As far as I'm concerned, the high point of this still embryonic gubernatorial campaign happened a few weeks ago, when alderman Ameya Pawar blasted Governor Bruce Rauner as a "racist." Pawar, who's running for the Democratic nomination, castigated Rauner for using racial "code words" to rile white downstate voters and play to their fears that any aid to Chicago's schools was a waste of money. OK, maybe Pawar's outburst was more therapeutic than pragmatic.
As part of my ongoing effort to join Mayor Rahm Emanuel's crusade to say good things about Chicago, I'm happy to note that Donald Trump hates our fair city. In fact, I'd say Chicago ranks near the top of the list of people, places, and things that Trump really, really loathes—somewhere between Alec Baldwin and Rosie O'Donnell. Second City, my ass! Trump has said plenty of nasty things about Chicago, mostly having to do with the city's violence epidemic.
As absurdist comedy goes, the Father's Day greeting I got from, of all people, Illinois governor Bruce Rauner was right up there with Better Call Saul, the AMC television show about a sleazy, con-artist lawyer. Rauner's putting his inner Saul Goodman on display as he tries to convince voters that the budget impasse—for which he's primarily responsible—is actually the fault of the Democrats. "The very future of our state is at stake," Rauner wrote in the e-mail.
Muck Rack makes it simple to find people, tweets, or articles that mention any name, keyword, company, hashtag etc. We've compiled this guide to help you make the most of your search.
Selecting a term
Start searching tweets, articles from media outlets, articles mentioned in tweets, journalists'
names, titles and bios with some suggested searches:
Companies or Topics (e.g. iPhone, Microsoft)
Phrases (e.g. "cloud computing") — use quotes to keep the terms together
Twitter handles (e.g. @username) — returns those who have mentioned or replied to
Names (e.g. "David Pogue")
Hashtags (e.g. #sxsw, #london2012)
Bio details (e.g. vegan, Olympics, father)
Muck Rack's Advanced Search allows for many boolean operators.
Find results that mention multiple specified terms, use AND or
+. For example, ensure each result contains both Elon Musk and Mark Zuckerberg by
searching Obama AND Romney or Obama + Romney.
Use the operators OR or , to broaden your search when you'd like either of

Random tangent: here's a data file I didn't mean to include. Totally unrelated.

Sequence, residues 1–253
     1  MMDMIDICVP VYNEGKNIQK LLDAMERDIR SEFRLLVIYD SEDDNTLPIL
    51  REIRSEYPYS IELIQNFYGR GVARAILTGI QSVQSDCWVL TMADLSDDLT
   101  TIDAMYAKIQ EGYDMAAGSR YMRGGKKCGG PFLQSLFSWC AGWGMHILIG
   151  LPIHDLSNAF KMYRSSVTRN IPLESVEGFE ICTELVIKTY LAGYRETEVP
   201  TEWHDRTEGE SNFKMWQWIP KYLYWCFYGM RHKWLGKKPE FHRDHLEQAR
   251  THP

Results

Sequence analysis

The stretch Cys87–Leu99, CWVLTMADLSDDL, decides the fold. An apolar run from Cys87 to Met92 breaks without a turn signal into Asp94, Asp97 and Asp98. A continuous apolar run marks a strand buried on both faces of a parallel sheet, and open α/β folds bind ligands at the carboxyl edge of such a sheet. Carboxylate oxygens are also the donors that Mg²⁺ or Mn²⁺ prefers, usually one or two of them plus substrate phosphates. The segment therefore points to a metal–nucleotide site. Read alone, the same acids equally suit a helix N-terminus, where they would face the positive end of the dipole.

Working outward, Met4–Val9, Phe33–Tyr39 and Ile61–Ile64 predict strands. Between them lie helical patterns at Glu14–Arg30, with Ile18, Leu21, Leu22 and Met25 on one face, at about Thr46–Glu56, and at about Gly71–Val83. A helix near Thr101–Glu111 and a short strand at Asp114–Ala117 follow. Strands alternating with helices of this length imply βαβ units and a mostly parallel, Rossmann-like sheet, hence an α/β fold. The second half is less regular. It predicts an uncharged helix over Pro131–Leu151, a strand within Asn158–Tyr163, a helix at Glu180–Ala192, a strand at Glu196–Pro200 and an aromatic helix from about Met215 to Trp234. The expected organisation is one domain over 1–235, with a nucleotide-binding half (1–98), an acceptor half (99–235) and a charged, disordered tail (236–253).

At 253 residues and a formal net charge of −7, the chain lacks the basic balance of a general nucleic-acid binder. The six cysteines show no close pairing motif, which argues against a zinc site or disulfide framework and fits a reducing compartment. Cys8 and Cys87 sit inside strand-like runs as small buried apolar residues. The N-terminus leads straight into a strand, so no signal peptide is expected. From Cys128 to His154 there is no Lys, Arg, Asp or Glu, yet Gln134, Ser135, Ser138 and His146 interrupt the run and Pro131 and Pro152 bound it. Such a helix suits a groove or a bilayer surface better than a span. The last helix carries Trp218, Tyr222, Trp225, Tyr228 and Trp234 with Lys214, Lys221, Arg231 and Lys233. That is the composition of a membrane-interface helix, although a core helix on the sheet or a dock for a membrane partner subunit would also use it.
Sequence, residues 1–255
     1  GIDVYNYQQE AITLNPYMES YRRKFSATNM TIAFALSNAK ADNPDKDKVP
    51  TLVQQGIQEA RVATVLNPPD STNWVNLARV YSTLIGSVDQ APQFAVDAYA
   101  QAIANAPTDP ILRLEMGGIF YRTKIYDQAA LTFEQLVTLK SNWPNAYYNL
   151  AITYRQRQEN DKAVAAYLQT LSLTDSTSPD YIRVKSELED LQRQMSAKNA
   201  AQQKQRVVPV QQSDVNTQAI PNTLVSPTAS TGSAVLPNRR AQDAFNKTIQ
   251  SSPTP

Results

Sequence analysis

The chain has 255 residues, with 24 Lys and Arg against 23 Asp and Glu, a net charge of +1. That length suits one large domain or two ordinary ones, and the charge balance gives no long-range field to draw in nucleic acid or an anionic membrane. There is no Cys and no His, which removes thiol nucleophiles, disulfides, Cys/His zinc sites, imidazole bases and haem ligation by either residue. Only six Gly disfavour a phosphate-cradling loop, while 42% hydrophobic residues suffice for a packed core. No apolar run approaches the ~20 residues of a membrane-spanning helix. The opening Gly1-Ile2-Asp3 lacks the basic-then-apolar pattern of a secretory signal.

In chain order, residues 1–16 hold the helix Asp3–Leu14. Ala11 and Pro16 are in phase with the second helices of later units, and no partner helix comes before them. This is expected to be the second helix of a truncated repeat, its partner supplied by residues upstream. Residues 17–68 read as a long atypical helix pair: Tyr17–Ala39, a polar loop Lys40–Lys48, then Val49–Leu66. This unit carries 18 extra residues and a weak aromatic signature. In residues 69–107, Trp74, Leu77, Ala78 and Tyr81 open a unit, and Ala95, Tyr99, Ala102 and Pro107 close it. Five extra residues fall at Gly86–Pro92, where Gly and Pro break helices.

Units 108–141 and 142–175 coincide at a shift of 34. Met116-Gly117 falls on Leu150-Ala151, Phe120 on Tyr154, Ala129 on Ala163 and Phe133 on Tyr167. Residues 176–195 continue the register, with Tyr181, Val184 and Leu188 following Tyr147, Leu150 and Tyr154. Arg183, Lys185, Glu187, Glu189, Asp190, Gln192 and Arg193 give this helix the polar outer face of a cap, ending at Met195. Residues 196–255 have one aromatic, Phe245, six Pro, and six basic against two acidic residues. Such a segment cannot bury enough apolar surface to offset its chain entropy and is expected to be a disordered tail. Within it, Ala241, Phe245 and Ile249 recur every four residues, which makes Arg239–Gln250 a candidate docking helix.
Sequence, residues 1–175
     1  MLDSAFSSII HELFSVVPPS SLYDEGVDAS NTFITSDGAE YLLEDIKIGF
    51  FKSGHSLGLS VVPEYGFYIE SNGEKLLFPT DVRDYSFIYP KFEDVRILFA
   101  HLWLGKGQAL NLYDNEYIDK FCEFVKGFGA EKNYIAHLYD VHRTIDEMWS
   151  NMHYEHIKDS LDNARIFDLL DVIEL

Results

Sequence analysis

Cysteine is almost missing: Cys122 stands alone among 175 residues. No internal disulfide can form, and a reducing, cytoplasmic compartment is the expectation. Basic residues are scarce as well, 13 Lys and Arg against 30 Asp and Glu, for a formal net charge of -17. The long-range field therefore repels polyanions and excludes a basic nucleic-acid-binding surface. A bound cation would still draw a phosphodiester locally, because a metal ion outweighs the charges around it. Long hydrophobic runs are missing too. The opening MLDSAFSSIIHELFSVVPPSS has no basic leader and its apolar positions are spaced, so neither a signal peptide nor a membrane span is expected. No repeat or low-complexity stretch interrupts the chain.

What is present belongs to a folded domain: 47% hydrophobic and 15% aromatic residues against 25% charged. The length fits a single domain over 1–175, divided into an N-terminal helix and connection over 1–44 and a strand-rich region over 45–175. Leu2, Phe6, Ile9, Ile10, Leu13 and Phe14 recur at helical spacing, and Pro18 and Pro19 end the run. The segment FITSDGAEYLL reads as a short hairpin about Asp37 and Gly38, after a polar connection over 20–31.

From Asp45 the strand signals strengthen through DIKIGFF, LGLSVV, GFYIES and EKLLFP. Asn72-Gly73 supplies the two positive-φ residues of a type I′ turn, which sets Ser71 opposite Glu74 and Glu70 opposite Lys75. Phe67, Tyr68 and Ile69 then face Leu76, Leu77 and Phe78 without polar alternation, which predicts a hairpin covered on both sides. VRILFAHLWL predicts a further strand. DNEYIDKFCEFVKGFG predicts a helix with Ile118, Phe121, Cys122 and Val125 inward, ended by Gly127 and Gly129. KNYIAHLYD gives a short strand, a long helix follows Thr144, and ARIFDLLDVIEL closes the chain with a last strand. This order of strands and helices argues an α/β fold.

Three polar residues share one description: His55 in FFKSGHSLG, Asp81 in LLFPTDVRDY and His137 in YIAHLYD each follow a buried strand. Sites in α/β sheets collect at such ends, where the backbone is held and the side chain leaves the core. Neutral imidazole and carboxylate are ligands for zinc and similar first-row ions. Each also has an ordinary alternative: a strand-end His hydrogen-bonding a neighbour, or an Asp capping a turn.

multiple terms to appear in results. (This is the default behavior of our search when no operators
are used.) For example, search for democrat OR republican to find results that refer to
Democrats and/or Republicans.
Use NOT or - to subtract results from your search. For
example, searching Disney will yield results about the Walt Disney Company as well as Walt Disney
World Resort. To exclude mentions of Disney World, search for Disney -World or Disney
When using one of these operators with a phrase, enclose it in quotation marks. For example, you can
find results about smartphones excluding Apple's iPhone 4S by searching smartphone -"iPhone
Exact case matching or punctuation
If you're searching for a brand name or keyword that relies on specific punctuation marks or capitalization, you can
find results that match your exact query by adding matchcase: before the keyword you're searching for, like matchcase:E*TRADE .
Use parentheses to separate multiple
boolean phrases. For example, to find journalists talking about having fun in Disney World or
Disneyland, search for ("disney world" OR disneyland) AND fun.
An asterisk can be used to search for any variation of a root word truncated by the asterisk. For example, searching for admin* will return results for administrator, administration, administer, administered, etc.
A near operator is an AND operator where you can control the distance between the words. You can vary the distance the near operation uses by adding a forward slash and number (between 0-99) such as strawberries NEAR/10 "whipped cream", which means the strawberries must exist within 10 words of "whipped cream".